Alan G Isaac wrote:

I wouldn’t imagine anyone would hesitate borrowing code

from a demo because of a lack of license.

It depends on what you mean by “lack of a license”.

I think what most people (myself included) would

like to see for a demo script is "this file is in the public

domain". That is not exactly a “license”, but it roughly

means "use this however you want without worrying about

any restrictions, not even attribution requirements".

I do not think the LGPL generally makes sense (literally)

for such scripts:

http://www.gnu.org/licenses/lgpl.html

If public domain is uncomfortable,

then perhaps MIT or BSD would be comfortable.

URL:[http://www.opensource.org/licenses/mit-license.html](http://www.opensource.org/licenses/mit-license.html)

Of course, s/he who has the copyright chooses the license.

Cheers,

Alan Isaac

Although we’re markedly off-topic here, I want to mention that I’ve battled

with the question of licensing my code. It’s documented here:

http://eli.thegreenplace.net/2006/04/13/choosing-an-open-source-license-for-my-code/

The choice of LGPL eventually stems from my desire to promote free software,

and prevent abuse. True, for demos it makes less sense than for full-blown

libraries, but still…

Consider this: the demo teaches someone how to make some interface/code

work. He got it for free, because I’ve placed my demo publicly online. But

he may want to incorporate it in his program, and hide from his users how he

does the thing the demo taught him, winning a competitive advantage. This

isn’t fair, and LGPL prevents such use, while in general allowing one to use

the code in commercial applications.

My understanding of what can and cannot be licensed, at least in U.S. law and (as far as I know) some other areas as well, is that what you are trying to guard is something you cannot guard unless you get a patent.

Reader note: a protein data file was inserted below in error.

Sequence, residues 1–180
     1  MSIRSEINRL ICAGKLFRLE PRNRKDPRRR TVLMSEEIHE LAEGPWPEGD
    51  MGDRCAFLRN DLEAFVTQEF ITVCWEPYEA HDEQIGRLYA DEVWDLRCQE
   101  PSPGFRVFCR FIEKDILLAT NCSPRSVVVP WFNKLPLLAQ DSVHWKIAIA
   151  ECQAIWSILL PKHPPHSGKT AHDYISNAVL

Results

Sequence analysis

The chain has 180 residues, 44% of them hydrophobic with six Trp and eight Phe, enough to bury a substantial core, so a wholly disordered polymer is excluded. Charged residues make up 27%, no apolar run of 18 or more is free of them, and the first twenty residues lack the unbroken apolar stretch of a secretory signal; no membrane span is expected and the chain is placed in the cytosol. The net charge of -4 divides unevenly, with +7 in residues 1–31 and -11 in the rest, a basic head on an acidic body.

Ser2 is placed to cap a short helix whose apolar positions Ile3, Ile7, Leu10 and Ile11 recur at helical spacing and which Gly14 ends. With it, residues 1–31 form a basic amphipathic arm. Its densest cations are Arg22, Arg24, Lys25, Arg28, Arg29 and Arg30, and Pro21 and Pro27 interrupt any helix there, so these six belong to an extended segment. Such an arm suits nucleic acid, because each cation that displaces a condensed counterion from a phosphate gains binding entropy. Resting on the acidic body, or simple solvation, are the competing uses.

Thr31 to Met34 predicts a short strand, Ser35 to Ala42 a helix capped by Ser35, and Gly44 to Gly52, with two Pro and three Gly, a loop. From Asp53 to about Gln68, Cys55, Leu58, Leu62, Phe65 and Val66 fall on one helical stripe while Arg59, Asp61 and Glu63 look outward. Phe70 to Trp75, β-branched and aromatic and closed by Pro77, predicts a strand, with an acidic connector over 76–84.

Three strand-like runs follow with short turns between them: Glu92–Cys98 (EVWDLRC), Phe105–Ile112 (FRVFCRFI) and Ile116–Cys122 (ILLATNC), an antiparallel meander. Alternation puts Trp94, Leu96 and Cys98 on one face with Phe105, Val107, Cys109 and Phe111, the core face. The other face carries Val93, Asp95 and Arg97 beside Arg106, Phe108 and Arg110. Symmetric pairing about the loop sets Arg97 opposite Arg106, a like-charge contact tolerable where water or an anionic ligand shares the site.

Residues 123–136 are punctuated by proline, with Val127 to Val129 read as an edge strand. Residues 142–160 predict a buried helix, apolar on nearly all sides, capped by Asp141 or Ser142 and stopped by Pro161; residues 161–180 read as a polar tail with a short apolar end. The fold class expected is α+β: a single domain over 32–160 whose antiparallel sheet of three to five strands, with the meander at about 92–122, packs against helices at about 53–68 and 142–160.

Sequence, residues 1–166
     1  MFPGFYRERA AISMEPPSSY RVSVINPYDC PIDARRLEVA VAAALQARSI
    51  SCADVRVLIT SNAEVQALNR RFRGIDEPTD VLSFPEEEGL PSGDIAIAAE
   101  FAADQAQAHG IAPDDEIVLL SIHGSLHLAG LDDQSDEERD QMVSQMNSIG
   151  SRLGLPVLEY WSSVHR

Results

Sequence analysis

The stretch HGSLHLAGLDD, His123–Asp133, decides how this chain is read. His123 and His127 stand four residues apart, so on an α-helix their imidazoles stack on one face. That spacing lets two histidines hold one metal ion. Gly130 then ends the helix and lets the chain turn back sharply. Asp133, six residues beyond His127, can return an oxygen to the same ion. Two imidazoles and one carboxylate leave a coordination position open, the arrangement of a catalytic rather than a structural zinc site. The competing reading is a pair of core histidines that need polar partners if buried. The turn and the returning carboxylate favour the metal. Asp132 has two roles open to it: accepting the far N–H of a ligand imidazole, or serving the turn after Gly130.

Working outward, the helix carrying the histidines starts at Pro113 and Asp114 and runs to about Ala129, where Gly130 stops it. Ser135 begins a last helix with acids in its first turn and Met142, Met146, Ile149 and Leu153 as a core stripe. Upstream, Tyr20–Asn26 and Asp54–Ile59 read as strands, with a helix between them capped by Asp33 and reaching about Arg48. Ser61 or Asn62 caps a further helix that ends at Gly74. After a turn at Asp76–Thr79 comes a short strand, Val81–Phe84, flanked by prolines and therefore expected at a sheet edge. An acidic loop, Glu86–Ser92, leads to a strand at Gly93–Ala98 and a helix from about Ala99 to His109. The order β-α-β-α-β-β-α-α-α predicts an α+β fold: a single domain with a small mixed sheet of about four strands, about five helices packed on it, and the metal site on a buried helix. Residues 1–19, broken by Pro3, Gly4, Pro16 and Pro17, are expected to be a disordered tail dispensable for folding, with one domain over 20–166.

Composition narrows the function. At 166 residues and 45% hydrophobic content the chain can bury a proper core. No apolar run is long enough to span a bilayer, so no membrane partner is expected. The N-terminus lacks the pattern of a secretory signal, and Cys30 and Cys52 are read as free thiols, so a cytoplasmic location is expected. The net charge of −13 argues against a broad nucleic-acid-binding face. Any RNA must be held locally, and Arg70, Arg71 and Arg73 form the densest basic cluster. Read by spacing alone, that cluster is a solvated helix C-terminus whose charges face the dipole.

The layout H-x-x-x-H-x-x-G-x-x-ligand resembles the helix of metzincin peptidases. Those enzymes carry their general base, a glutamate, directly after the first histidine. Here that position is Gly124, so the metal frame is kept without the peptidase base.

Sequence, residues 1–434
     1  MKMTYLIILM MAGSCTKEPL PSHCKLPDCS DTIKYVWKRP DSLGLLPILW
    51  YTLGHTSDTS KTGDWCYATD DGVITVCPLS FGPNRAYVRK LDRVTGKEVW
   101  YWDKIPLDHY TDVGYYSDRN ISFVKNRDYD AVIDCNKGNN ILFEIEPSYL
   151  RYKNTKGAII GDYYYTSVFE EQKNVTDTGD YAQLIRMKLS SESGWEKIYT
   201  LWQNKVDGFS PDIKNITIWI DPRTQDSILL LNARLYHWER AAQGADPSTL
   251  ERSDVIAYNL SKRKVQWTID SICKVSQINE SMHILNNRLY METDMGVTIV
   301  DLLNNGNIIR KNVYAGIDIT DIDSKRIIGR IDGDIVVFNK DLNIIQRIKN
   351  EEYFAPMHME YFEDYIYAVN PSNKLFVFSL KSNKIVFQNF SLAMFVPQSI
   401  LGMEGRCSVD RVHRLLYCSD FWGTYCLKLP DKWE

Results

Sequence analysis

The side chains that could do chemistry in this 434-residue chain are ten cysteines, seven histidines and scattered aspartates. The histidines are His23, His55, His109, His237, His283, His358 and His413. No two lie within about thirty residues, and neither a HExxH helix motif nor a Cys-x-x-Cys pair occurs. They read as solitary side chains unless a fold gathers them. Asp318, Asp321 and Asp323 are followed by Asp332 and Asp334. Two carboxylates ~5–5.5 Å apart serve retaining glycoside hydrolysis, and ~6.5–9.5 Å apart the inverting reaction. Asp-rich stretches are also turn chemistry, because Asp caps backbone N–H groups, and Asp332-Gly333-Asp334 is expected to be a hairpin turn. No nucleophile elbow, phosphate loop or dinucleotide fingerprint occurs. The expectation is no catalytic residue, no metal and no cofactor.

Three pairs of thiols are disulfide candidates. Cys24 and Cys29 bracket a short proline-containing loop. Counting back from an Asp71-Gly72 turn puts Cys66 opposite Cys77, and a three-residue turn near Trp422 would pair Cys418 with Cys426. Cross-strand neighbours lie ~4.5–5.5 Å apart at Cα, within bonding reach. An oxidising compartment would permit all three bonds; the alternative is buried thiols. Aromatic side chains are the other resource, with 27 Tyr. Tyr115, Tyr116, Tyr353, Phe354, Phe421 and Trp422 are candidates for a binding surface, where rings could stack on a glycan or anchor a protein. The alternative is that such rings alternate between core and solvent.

The specific text of a program, its concrete form, and perhaps other “concrete implementation” features are covered (or at least can be covered) by copyright.

Knowledge, including “how he does the thing the demo taught him,” is not subject to copyright. That is, if he legally reads your code, and clones functionality, there is no way barring a software patent that you can restrict this.

I personally regard viral licenses with caution: that is, if the copyright says, “Don’t build on or extend this unless you want your work to be covered by my chosen license,” I will be extremely cautious about building off of them. Under the LGPV, if I incorporate one of your demos into my own 2000 line program, your requirements of fairness require me to place my entire 2000 line program under the terms of the license you chose.

This is a significant deterrent to some programmers.

···

On Fri, Aug 1, 2008 at 12:43 PM, eliben <eliben@…287…> wrote:

On Fri, 1 Aug 2008, eliben apparently wrote:

Eli

View this message in context: http://www.nabble.com/more-demos-of-mpl-with-wxPython-tp18770262p18779533.html

Sent from the matplotlib - users mailing list archive at Nabble.com.


This SF.Net email is sponsored by the Moblin Your Move Developer’s challenge

Build the coolest Linux based applications with Moblin SDK & win great prizes

Grand prize is a trip for two to an Open Source event anywhere in the world

http://moblin-contest.org/redirect.php?banner_id=100&url=/


Matplotlib-users mailing list

Matplotlib-users@lists.sourceforge.net

https://lists.sourceforge.net/lists/listinfo/matplotlib-users


– Jonathan Hayward, christos.jonathan.hayward@…287…

** To see an award-winning website with stories, essays, artwork,

** games, and a four-dimensional maze, why not visit my home page?
** All of this is waiting for you at http://JonathansCorner.com

++ Would you like to curl up with one of my hardcover books?

++ You can now get my books from http://CJSHayward.com

Alan G Isaac wrote:

I wouldn’t imagine anyone would hesitate borrowing code

from a demo because of a lack of license.

It depends on what you mean by “lack of a license”.

I think what most people (myself included) would

like to see for a demo script is "this file is in the public

domain". That is not exactly a “license”, but it roughly

means "use this however you want without worrying about

any restrictions, not even attribution requirements".

I do not think the LGPL generally makes sense (literally)

for such scripts:

http://www.gnu.org/licenses/lgpl.html

If public domain is uncomfortable,

then perhaps MIT or BSD would be comfortable.

URL:[http://www.opensource.org/licenses/mit-license.html](http://www.opensource.org/licenses/mit-license.html)

Of course, s/he who has the copyright chooses the license.

Cheers,

Alan Isaac

Although we’re markedly off-topic here, I want to mention that I’ve battled

with the question of licensing my code. It’s documented here:

http://eli.thegreenplace.net/2006/04/13/choosing-an-open-source-license-for-my-code/

The choice of LGPL eventually stems from my desire to promote free software,

and prevent abuse. True, for demos it makes less sense than for full-blown

libraries, but still…